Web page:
Reconcilliation in Zimbabwe: the contribution of the feminine in Shona culture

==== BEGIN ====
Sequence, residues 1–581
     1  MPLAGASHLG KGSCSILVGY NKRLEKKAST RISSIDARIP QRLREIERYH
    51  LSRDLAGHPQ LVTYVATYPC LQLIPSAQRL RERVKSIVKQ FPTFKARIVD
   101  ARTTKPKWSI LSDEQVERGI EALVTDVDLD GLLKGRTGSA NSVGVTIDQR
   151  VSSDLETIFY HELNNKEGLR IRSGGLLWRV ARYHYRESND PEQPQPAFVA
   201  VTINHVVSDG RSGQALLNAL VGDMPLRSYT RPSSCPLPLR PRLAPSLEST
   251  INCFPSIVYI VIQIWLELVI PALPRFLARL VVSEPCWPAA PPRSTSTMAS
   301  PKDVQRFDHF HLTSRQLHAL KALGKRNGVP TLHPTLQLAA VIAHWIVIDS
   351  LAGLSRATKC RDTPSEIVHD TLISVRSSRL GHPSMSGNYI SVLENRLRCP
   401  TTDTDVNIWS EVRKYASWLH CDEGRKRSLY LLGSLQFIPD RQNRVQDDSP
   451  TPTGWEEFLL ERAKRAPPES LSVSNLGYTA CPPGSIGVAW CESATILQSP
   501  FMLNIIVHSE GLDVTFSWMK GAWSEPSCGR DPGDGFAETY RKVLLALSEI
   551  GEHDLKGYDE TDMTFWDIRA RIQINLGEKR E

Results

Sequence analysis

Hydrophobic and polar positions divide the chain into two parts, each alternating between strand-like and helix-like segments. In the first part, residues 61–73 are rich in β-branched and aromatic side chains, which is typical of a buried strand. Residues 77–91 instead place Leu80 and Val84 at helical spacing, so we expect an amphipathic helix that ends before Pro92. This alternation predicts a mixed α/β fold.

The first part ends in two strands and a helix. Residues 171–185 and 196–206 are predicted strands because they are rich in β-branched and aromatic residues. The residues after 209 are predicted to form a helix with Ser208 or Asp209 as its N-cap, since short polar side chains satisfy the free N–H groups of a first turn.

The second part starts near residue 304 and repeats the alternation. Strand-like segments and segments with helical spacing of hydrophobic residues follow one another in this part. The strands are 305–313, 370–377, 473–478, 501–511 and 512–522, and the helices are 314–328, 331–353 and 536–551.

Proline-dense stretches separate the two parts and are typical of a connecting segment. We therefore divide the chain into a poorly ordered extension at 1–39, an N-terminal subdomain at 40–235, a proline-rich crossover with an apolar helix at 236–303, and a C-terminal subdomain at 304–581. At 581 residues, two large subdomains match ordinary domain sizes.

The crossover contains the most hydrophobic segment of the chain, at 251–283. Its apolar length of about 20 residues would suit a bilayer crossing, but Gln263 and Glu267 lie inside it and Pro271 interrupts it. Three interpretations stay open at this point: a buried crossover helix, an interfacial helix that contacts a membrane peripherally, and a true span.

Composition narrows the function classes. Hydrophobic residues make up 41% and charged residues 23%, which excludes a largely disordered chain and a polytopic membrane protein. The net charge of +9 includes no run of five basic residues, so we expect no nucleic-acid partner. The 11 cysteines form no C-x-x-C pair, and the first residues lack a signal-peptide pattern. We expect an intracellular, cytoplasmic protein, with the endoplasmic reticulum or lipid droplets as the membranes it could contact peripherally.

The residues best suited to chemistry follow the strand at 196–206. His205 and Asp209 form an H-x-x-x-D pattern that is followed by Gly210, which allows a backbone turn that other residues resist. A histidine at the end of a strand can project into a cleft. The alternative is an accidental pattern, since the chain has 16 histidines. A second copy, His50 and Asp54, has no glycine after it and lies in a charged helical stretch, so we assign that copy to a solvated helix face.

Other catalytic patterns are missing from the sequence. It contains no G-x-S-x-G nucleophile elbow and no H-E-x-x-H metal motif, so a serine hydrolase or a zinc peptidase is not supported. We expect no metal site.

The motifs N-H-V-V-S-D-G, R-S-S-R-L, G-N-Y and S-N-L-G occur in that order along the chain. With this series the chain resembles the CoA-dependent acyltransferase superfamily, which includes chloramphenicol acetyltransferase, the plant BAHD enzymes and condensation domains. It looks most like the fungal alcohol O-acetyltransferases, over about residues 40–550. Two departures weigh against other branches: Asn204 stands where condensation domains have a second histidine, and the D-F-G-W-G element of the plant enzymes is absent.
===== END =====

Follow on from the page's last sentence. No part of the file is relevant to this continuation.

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The aim of this paper is to tell the story of how the newly elected government of Zimbabwe, at the time of independence in 1980, after an eight year long brutal liberation war in which 20 000 people lost their lives and following 90 years of oppressive white minority rule, declared a policy of reconciliation and created a unified state in that country. In recounting this remarkable series of events an analysis will be made of the cultural foundations that empowered the black people of Zimbabwe to transform the violence of the war and the colonial regime into a situation of peaceful co-existence, where not only black and white people live peacefully side by side, but also tribal differences have been largely resolved. The paper will firstly outline the main features of the oppression which blacks suffered in their own country during the colonial period, and:then events immediately following the election of a majority government in 1980 will be revealed, in stark contrast to what occurred before. Various perspectives on the basis for the reconciliation policy will be considered and then the suggestion that particular aspects of Shona culture made a major contribution to reconciliation will be explored.